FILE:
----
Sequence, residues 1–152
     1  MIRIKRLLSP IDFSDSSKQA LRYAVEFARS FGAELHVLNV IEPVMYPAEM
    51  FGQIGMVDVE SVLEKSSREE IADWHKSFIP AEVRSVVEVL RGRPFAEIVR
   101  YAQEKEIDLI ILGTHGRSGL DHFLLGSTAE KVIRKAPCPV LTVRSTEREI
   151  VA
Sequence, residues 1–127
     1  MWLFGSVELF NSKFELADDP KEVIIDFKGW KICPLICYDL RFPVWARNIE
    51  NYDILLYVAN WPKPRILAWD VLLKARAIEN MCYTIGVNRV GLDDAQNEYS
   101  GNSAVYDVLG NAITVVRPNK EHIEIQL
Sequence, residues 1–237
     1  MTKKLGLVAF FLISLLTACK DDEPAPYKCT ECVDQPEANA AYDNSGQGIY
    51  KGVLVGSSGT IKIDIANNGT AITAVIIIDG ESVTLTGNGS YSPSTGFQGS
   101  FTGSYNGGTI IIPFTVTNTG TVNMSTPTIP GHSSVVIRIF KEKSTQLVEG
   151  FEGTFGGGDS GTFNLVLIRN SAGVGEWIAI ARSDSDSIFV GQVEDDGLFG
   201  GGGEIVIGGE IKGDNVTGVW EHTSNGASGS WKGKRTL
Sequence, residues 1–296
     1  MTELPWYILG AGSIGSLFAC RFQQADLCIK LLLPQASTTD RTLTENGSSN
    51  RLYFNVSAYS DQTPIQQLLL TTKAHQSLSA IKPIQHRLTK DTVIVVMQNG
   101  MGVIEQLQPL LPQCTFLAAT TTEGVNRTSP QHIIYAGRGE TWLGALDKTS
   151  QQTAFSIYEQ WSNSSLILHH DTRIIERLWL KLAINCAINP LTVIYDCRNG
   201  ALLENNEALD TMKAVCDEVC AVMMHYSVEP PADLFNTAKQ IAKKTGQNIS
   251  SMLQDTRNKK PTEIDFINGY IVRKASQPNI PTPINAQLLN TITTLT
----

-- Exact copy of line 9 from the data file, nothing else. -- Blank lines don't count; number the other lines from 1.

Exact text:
   101  GNSAVYDVLG NAITVVRPNK EHIEIQL